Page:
Today, London's transport network will bring in a ground-breaking new policy to address the capital’s high rates of childhood obesity. Adverts that directly or indirectly promote food and non-alcoholic drinks high in fat, salt, and/or sugar will be restricted. This comes after last summer's public consultation which saw Londoners overwhelmingly supportive of the Mayor's plans. Sustain’s Deputy Chief Executive, Ben Reynolds, writes on the tranformation this could provoke.
The term "junk food" is often wrapped up with our notion of class. There are cheap burger joints and expensive burger joints but our livers and arteries are unlikely to tell much of a difference. The junk food ad ban that Sadiq Khan brings in today across London’s transport network will be refreshingly class-blind. Instead, it will focus on the contribution to our children's health.
There's a sage piece of advice often quoted in the sustainable food movement: shake the hand of the person who made your food. Many of us are so far from being able to shake the hand of the person (or multiple people and machines all over the world) that we rely on marketing to tell us the story. And often, as a byword, we've come to rely on the branding to tell us how good our food is or isn't for us. But unfortunately, the health merits of food don't split down branding lines. No matter how much fancy italic or bold hipster typeface, the food it's selling still follows those same simple rules of health and nutrition. And don’t get me started on sustainability, ethics and some of the meaningless marketing terms that suggest some green or good halo.
McDonald's, the oft-used example of a brand selling junk food, actually has many items on its menu that are no longer classified as high in fat, salt and/or sugar (HFSS) - the nutritional determinants of junk food. While many chocolate brands, despite their smart wrappers and cosy stories, have nothing in their product line that isn't HFSS.
As the ban rolls out, McDonald's will still be able to advertise - much to the shock of many. That's good news, not only for TFL's revenues but also because it plays an important role in encouraging all brands to shift to a healthier menu. If they don't, they'll simply have nothing to advertise on one of the world's largest advertising estates. And if we play our cards right, this could begin the conversations we all need to be having about what foods, rather than brands, are good for us.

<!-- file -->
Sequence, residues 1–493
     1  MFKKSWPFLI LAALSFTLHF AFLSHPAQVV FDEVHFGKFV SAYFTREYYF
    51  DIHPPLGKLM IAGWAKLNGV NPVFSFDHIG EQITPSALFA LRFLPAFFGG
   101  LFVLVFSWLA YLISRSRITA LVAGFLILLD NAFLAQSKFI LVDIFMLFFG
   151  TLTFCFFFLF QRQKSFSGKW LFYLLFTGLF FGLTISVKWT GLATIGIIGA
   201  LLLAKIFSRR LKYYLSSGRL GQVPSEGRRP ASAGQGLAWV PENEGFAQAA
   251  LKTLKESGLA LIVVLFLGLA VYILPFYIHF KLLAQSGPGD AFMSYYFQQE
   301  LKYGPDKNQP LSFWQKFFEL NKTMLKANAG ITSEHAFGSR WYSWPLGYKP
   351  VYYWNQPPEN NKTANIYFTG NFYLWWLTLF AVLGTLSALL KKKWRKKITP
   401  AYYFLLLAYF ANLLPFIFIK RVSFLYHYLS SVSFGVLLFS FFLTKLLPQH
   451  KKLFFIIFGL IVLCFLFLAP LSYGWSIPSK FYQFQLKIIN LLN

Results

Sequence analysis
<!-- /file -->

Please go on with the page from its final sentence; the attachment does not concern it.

This is not just about getting the food industry to follow new rules, it gives them an opportunity to embrace the spirit of the policy and unleash creative ideas to make London a healthier place to live. Advertising on TFL will become a badge of honour for responsible brands. With other cities both in the UK and around the world looking to implement similar policies, these brands will be ahead of the game.
Sustain will be hosting a Sustainable Food Cities webinar on the Junk Food Ad Ban with the Mayor of London's team on 24 April at 2pm.
Published 25 Feb 2019
Children's Food Campaign: Better food and food teaching for children in schools, and protection of children from junk food marketing are the aims of Sustain's high-profile Children's Food Campaign. We also want clear food labelling that can be understood by everyone, including children.
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Since joining Sustain in 2004, Ben has helped launch the Food Power network and was a founding member of the Sustainable Food Cities network. Most recently he came up with the 50 Fountains Challenge (run in partnership with Refill), born out of the Sugar Smart campaign which he developed with the Jamie Oliver Food Foundation. He worked with Jamie Oliver’s team to get the government to adopt a sugary drinks tax, and set up the award winning Children’s Health Fund which piloted the levy with restaurants.
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